Why We Run: LeVon Barnes
LeVon Barnes is 34-year-old an educator, coach and community leader running for the Ward 2 seat on the City Council of Durham, North Carolina.
What sparked you to run this year?
Durham is the most progressive city in the state of North Carolina, but a lot of the politicians are career politicians. Some of these folks have been holding seats for 40 years, unopposed.
What I’m looking to do is change the dynamic. Our voter turnout is not great because of the fact that we don’t have a lot of young people involved in the process. They’re kind of disheartened about the process simply because there is nobody on the Council that looks like them, so they’re frustrated.
In Durham, we have gentrification that’s going on right now, sweeping through the city. Jobs are few and far between, even though there’s so much growth that’s going on here. But the people who have been here are not feeling the effects of that growth and are, in fact, being pushed out.
Our educational system is not great, and even though the City Council doesn’t deal with education, we can do things about adult education, building up our community colleges, and making sure our community colleges are partnering up with our neighborhoods, especially in those in low socioeconomic backgrounds to get these folks trained and educated for jobs in the future.
So I’m running because I’m frustrated. I’m frustrated because we have somebody in office right now, in the Presidency, who’s just making a mockery of the previous President’s work. Now is the time for Millennials to step up and lead the charge and bring fresh ideas and some fire back into politics. It’s time to give the power back to the community and empower them in order to create a cultural change in this country. That’s why I’m running.
What is your experience in politics before now?
None. I have led things but I have not held official office.
So what is your background?
I’m from New York City. I went to college in North Carolina. But I’ve bounced around all different parts of the country. I’m a full-time teacher. But I was also a college basketball coach. So that has given me the opportunity to travel to different places. I’ve been the Dean of Students at a college in Scranton, Pennsylvania. I have a youth group, an empowerment group here in Durham that I started in 2005. It has just completely exploded here. We just had our end of the year banquet and we had the Mayor, the Mayor Pro Tem, other elected officials. The Governor wrote us a note. Barack Obama wrote us a note because we’ve done over 8,000 of community service in the last three years. This is a group of sixth- to twelfth-grade primarily black and Latino boys, at-risk young men, who have decided to change their community. They want to step up and lead.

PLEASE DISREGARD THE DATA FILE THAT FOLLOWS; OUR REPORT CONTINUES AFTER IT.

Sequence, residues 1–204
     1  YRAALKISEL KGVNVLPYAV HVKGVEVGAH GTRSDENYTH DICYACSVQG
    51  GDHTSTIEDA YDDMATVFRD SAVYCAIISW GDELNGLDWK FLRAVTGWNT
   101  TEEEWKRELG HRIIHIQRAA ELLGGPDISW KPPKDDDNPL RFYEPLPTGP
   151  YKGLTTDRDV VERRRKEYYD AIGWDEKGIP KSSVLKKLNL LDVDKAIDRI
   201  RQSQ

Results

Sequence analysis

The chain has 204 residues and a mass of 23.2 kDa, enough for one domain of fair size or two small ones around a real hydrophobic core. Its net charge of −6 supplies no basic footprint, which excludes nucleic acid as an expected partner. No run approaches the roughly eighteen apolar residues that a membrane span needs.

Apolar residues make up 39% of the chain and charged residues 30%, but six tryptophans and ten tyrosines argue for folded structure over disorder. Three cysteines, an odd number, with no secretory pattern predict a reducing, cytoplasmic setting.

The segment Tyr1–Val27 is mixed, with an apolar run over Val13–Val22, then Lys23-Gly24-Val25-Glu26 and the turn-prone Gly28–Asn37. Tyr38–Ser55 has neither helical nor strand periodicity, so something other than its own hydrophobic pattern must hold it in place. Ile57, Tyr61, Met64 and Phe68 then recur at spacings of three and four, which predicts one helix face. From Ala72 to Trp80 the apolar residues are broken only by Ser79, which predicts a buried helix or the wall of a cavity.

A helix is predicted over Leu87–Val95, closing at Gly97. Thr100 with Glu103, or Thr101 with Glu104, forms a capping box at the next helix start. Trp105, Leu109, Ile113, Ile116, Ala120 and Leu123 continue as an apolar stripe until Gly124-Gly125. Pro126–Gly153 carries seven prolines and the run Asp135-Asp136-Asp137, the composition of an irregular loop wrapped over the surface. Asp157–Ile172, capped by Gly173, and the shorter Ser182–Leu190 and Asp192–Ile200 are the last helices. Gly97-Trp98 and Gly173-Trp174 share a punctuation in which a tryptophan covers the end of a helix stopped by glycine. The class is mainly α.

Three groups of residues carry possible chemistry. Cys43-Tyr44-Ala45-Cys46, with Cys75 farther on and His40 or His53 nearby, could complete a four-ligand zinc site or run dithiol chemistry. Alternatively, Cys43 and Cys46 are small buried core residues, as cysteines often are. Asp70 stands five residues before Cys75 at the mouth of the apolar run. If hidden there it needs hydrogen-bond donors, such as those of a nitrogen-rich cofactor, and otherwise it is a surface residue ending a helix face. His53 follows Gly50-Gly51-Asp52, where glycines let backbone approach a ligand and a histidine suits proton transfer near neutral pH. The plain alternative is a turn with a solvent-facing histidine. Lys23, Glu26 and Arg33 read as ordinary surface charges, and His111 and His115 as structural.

When was the moment you decided to run how long did it from that moment to filing the paperwork and beginning your campaign?
When I moved here in 2014, I knew I wanted to run. I didn’t run in 2014, 2015, or 2016 primarily because I knew I wasn’t ready. I was still trying to build respect within the city. I wanted people to see me work. I wanted people to see my work ethic.
I made the decision to run for the City Council because I think that it’s the best start for me. In order for you to be a great leader, you need to be great locally first and build your way up. I started making the move to run in the last six months. I filed my paperwork with the Board of Elections around the end of March.
So I’ve been on the ground since late March, just building the team and coming up with the proper plan strategically.
Are you running for a specific seat on the City Council?
It’s a Ward 2 seat, but the entire city votes for City Council. So it’s not a traditional ward per se.
Tell me about your community.
Ward 2 is different. Where I live, which is South Point area, it’s a huge transplant area. We have so much development going on here. The big mall is here. So we don’t have a lot of the crime issues as they do three or four blocks down on the other side of MLK where you’re dealing with much more crime and poverty. That’s where the gentrification is going on. Where I’m at right now, Ward 2, you’re dealing with primarily young Millennials. And you have lots of cul de sacs and things like that. But you also have a lot of college kids in the area, too. There are three major colleges in Durham. You have Duke, obviously, you have North Carolina Central, you have Durham Tech, and you still have people who live here that go to Chapel Hill as well. So you have a whole bunch of young folks mixed in with people who’ve been here for a while.
Durham is mostly 50/50 Black/White, with a Hispanic community that’s growing. But the majority of the people in Durham that are African-American have been here forever and are the ones who are being hit the most with the gentrification and the raising of property taxes and rent raises. That’s what’s pushing a lot of people out of the city and into the county which has caused crime to go up.